I’m not sure why, but people who live in older homes with plaster walls and ceilings are intimidated by repairing them. It doesn’t have to be this way. Repairing older homes with plaster ceilings and walls is nearly as easy as repairing drywall!
As a professional Handyman, I’ve done a lot of plaster repair in Tulsa and the surrounding cities. Like most other places, the older homes are the ones with plaster. Lots of people are not afraid to tackle drywall, but few will try their hand at repairing their own wall or ceilings if plaster is involved. I’m going to show you how easy it is!
Just recently on a old home in the Midtown district of Tulsa, I was called to repair some plaster that the homeowner had attempted himself. It turned out bad, which is why they called me. I’m going to walk you through this particular repair. You may be surprised at how I fixed it. When I was done, no one could tell there had ever been damaged plaster. That’s the way I work. As a handyman in Tulsa, my reputation comes before a quick buck!
Here’s a list of things you’re going to need.
• A putty knife
• A tub of DAP Patching Plaster compound
• Drywall tape – yes, drywall tape!
• A piece of drywall large enough to fill the hole
• A sponge and some water
That’s it. That’s all you’ll need in order to patch most holes in plaster. Here’s how I go about it.
First, clean out around the hole. Make sure you get all the crumbled and cracked plaster gone.
Second, fit your piece of drywall to the size of the hole you need to repair. Pro tip here, it’s easier if you make the piece of drywall larger and then cut the plaster to fit it.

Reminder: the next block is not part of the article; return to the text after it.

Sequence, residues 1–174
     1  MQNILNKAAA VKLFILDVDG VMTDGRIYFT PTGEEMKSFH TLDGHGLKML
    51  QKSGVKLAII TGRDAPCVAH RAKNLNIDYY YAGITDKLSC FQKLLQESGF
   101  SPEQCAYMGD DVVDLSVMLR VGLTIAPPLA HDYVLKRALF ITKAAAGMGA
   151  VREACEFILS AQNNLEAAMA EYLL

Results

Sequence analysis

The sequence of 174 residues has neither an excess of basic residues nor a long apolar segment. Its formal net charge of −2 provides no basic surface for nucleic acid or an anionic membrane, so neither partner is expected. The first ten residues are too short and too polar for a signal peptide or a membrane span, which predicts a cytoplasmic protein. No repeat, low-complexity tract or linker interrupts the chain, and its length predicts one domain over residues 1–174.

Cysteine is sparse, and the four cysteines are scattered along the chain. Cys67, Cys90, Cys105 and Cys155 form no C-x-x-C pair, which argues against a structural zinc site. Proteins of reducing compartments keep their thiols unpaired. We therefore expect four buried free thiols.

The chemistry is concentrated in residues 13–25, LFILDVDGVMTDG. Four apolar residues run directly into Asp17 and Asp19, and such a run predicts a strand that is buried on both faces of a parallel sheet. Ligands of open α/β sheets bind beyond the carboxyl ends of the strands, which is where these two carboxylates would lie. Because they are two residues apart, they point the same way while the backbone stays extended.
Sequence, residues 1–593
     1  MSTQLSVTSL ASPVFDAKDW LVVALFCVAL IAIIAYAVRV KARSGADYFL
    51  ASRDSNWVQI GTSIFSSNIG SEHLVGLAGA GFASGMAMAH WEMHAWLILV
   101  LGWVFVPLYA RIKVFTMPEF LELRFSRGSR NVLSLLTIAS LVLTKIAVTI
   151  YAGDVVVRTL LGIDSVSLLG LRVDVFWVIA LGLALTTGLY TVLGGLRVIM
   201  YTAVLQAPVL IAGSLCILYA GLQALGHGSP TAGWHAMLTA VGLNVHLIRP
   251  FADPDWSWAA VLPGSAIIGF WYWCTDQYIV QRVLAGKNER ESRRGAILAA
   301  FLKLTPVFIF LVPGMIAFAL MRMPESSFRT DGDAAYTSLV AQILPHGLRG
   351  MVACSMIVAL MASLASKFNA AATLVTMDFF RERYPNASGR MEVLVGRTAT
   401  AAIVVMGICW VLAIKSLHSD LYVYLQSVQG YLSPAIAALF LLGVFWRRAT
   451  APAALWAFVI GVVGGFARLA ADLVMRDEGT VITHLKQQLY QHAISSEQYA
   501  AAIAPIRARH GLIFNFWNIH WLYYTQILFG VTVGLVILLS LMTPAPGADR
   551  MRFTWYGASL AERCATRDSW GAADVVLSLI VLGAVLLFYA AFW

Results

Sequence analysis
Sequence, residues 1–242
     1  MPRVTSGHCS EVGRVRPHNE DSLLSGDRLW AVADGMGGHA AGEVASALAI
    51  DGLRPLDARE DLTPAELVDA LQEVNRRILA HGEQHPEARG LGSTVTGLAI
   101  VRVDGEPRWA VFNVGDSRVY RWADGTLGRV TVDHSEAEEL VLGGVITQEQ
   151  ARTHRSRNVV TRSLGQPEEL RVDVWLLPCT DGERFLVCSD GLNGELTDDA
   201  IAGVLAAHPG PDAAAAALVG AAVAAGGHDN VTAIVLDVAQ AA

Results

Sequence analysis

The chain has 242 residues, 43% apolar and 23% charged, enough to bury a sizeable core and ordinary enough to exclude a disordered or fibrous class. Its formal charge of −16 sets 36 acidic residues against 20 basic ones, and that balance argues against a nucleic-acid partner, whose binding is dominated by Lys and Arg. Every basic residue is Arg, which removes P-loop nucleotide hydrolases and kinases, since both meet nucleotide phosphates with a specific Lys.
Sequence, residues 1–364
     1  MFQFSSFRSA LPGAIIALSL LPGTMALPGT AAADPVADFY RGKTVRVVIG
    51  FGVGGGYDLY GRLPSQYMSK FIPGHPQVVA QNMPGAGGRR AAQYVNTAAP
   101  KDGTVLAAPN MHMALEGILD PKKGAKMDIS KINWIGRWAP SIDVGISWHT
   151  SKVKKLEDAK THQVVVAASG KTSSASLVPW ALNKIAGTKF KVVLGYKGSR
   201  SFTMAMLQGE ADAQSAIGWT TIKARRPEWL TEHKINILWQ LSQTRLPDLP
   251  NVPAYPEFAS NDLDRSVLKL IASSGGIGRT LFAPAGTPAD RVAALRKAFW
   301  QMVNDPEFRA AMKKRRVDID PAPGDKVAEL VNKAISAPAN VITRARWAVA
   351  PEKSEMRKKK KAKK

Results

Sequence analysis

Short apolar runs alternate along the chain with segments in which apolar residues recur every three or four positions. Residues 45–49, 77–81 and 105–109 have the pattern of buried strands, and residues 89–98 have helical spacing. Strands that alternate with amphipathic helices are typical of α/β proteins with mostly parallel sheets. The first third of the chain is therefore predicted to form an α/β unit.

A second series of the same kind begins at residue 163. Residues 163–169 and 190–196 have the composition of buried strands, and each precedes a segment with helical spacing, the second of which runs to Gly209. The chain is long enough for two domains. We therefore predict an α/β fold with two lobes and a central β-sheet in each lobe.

You don’t want a tight fit. Maybe a pencil lead or a tad thicker space between the drywall and plaster. Now once you have the drywall cut to the space, go ahead and use some drywall screws to secure it to the plaster lathe.
Now use some of the DAP Patching Plaster compound and fill the cracks and leave a fair amount on the surface, just wider than your tape. Once you have the compound on the edges, go ahead and apply the drywall tape. Make sure you use enough force to push the compound deep into the cracks, but not too hard as to cause more damage!
Go ahead and smooth out the tape and compound. If the drywall patch is a little thinner than the plaster, that’s okay. Plaster is thicker a lot of times. Just be sure you don’t lay on the patching plaster too thick. It’s a process and it will take a few days to get it looking good.
Now you’re done for the day. But before you quit, make a few light scratches in the patching plaster compound. An old comb works great for this. These marks will help the next layer adhere to the dried layer.
The next day, you should be able to add enough patching plaster and smooth out the patch to blend with the rest of the wall. Try adding some water to the putty knife. This will make it slick. After the compound dries, you may need to sand to make it blend.
Don’t forget to primer before you paint!
See how easy that was? Anyone can learn how to patch plaster ceilings and walls.